Category Archives: Necessary Ingredients

When forgiving, it is the sincerity of our words that matters

cropped-mairani_cuevas_208847.jpgIn working through forgiveness issues, saying the words, “I forgive you” may be not be enough, warns Enright and Fitzgibbons (2000):

“Although language can symbolize forgiveness, it cannot be a substitute for it. Even if a person uses the seemingly correct words, he or she might be masking resentment. The sincerity of the words matters” (p. 48).

Enright, R. D., & Fitzgibbons, R. P. (2000). Helping clients forgive: An empirical guide for resolving anger and restoring hope. Washington, DC US: American Psychological Association.

Some necessary ingredients required before the benefits of self-forgiveness can be fully realized

cropped-girl_205263.jpgAccording to Johnson (2004), self-forgiveness requires honesty, the choice to allow for special circumstances, the assuming of responsibility for the consequences of one’s behavior (i.e., the damage done), the choice to make amends, and a commitment to do things differently in the future. Observes Johnson, “If you do not make this commitment to change and follow through on it you will not be free from guilt. In fact, you will very likely repeat the same dysfunctional behavior patterns” (p. 327).

Johnson, S. L. (2004). Therapist’s guide to clinical intervention: The 1-2-3’s of treatment planning (2nd ed.). Boston, MA: Academic Press.

Forgiveness is the choice to avoid any desire for revenge or any temptation to nurse a wounded ego, according to Andrew Murray

cropped-cry_208356-Shutterstock-Free.jpgAndrew Murray was a pastor, author, and one of the founders of the South African General Mission. During his lifetime, he published over 240 books on Christian spirituality. For Murray (1981) forgiveness is defined as avoiding any desire to punish the offender, to nurse a wounded ego, or to maintain one’s rights [to retaliate or seek revenge], and is made possible by the power of Christ’s forgiving love dwelling in the forgiver. It is Christ Himself forgiving in and through the forgiver.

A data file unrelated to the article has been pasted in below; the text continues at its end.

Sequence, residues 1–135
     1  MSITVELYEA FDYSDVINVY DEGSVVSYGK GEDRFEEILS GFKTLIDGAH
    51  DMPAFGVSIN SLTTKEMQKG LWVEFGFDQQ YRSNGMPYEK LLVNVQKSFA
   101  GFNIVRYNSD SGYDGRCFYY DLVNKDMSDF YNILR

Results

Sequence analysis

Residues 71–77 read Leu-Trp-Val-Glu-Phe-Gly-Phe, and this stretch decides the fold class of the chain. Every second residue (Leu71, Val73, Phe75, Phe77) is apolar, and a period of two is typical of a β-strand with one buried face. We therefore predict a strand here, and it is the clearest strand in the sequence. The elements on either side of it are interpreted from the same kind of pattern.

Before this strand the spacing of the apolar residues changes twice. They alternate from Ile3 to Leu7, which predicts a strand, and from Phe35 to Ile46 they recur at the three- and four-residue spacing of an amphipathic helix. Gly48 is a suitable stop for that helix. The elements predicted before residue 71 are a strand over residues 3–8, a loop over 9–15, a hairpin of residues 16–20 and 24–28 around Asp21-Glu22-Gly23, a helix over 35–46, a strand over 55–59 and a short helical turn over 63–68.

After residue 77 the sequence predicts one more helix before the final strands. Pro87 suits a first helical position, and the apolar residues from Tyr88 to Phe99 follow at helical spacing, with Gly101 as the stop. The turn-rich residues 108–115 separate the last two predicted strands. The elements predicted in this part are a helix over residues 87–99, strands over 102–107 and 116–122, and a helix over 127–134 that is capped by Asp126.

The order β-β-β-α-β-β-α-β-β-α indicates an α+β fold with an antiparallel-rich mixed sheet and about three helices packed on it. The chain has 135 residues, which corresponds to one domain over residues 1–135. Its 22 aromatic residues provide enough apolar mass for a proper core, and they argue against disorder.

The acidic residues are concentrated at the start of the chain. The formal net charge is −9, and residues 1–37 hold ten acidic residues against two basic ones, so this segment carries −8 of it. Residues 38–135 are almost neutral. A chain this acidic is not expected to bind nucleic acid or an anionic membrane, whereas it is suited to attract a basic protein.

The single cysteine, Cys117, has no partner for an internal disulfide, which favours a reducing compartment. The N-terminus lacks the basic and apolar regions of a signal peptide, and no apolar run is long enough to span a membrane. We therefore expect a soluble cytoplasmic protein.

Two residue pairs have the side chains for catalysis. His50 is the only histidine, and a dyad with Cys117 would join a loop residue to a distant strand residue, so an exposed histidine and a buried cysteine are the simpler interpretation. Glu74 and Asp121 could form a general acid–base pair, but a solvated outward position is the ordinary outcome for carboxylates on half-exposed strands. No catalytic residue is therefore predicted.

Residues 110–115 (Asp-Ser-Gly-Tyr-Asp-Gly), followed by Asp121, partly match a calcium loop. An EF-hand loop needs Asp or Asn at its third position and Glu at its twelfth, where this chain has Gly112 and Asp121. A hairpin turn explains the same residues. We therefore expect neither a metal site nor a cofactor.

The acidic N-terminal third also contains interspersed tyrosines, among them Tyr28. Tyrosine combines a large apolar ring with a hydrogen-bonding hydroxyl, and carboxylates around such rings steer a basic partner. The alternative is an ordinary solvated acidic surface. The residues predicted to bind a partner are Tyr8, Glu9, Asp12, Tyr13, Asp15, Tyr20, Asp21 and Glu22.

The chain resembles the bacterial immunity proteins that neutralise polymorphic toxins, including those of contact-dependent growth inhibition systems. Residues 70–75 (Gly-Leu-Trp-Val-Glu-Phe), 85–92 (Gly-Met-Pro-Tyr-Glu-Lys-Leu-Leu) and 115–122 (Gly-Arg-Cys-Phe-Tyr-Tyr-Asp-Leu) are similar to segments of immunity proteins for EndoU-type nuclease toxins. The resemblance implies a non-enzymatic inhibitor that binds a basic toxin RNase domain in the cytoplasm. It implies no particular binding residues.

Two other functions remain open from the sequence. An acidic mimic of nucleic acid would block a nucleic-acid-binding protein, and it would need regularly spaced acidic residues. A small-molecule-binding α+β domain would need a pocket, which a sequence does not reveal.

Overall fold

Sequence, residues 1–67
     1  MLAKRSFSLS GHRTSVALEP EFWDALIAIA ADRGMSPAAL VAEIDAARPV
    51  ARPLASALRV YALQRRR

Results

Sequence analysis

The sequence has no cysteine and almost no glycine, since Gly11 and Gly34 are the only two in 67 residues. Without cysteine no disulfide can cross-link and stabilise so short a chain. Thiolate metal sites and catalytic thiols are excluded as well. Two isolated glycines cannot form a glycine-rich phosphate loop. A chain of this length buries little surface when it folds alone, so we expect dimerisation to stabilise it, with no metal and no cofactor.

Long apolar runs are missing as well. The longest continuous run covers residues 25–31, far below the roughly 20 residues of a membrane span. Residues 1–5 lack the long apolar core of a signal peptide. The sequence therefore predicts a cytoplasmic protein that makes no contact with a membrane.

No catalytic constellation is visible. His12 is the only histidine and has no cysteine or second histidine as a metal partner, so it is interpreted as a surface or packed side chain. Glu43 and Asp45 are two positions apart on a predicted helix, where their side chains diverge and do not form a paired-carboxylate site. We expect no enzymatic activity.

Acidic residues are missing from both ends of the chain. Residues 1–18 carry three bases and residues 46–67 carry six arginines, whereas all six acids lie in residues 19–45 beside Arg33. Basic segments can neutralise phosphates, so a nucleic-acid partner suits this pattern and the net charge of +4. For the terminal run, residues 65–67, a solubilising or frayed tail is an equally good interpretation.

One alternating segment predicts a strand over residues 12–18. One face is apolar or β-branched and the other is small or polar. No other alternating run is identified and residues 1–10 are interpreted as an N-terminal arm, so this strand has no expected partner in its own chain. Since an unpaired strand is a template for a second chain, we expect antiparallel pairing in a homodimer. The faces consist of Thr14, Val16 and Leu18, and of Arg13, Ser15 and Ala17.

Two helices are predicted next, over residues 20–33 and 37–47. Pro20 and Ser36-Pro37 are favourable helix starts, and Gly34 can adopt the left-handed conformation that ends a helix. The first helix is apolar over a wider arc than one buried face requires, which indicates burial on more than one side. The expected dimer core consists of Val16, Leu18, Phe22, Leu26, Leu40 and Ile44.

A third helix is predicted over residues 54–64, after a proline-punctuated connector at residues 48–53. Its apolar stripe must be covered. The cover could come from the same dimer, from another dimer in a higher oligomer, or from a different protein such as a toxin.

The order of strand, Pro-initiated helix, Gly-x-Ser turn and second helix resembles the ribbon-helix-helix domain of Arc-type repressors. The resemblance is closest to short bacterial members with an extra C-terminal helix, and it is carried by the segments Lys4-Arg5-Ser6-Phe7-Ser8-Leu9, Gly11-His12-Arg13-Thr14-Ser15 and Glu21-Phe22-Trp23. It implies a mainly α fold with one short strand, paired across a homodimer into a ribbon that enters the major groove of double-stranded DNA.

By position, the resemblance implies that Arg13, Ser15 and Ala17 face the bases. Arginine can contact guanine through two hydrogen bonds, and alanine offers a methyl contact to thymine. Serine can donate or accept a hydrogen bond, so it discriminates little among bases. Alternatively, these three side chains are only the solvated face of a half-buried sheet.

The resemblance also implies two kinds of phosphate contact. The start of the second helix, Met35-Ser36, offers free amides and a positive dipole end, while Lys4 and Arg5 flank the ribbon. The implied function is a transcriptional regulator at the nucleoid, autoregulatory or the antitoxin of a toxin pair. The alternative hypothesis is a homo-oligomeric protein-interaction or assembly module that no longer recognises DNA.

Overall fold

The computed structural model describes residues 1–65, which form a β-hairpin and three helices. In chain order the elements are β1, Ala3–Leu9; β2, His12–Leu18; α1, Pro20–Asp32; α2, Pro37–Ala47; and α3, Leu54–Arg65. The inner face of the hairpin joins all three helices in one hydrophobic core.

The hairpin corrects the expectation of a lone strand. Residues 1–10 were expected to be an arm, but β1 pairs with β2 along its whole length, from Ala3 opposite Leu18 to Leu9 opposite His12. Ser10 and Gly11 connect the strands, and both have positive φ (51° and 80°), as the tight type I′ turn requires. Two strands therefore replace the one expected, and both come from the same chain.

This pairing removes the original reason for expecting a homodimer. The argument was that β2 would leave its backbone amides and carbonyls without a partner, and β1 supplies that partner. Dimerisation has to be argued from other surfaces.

Murray, A. (1981). With Christ in the school of prayer. Springdale, PA: Whitaker House.

It may be impossible to complete our forgiveness work until we first understand our own innate need for God’s forgiveness

cropped-149_2592x3888_300dpi_all-free-download.com_14247889.jpgAccording to Abbas (2004), in order to be truly able forgive another, we must first have known the experience of having been forgiven by God:

“Frankly, I think it’s impossible to forgive others until we understand our own innate need for forgiveness….I wonder if you’ll come to a point, as I did, when you are so frustrated with your inability to control your circumstances that you’ll finally run, exhausted and overwhelmed, to the God who willingly took your hurts and sins upon Himself on the cross, who loves you unconditionally, and who provides a peace you can’t explain” (Abbas, 2004, pp. 3-4).

Abbas, J. (2004). Generation ex: Adult children of divorce and the healing of our pain. Colorado Springs, CO: Waterbrook Press.

Johnson (2004) suggests some necessary ingredients for working through one’s feelings of guilt and shame

cropped-despair_191878.jpgAccording to Johnson (2004), self-forgiveness requires honesty, the choice to allow for special circumstances, the assuming of responsibility for the consequences of one’s behavior (i.e., the damage done), the choice to make amends, and a commitment to do things differently in the future. Observes Johnson, “If you do not make this commitment to change and follow through on it you will not be free from guilt. In fact, you will very likely repeat the same dysfunctional behavior patterns” (p. 327). Questions for self-examination are provided.